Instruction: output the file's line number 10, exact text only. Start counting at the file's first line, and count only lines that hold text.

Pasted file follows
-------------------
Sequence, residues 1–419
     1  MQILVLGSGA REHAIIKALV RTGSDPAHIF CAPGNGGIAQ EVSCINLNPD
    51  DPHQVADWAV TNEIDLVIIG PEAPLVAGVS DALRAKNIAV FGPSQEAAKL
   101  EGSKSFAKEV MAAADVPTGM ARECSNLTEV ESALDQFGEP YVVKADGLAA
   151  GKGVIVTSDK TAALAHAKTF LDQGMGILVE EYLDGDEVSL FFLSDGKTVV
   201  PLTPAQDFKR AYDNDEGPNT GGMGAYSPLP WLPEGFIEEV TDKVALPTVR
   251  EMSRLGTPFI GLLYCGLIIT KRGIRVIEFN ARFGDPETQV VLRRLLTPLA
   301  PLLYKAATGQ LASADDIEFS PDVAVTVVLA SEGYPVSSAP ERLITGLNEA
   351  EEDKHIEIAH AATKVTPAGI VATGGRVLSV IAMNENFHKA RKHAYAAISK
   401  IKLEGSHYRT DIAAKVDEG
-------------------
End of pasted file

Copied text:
   401  IKLEGSHYRT DIAAKVDEG